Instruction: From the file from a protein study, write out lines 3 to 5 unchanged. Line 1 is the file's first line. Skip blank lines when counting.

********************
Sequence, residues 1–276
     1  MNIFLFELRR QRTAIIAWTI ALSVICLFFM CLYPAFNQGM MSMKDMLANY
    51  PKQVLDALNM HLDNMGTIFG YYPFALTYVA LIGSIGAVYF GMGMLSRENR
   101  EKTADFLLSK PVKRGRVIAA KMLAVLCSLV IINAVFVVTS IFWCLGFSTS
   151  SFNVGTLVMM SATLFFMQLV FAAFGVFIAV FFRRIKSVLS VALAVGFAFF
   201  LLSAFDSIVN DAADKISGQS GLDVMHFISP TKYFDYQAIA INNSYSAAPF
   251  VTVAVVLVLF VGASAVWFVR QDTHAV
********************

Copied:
    51  PKQVLDALNM HLDNMGTIFG YYPFALTYVA LIGSIGAVYF GMGMLSRENR
   101  EKTADFLLSK PVKRGRVIAA KMLAVLCSLV IINAVFVVTS IFWCLGFSTS
   151  SFNVGTLVMM SATLFFMQLV FAAFGVFIAV FFRRIKSVLS VALAVGFAFF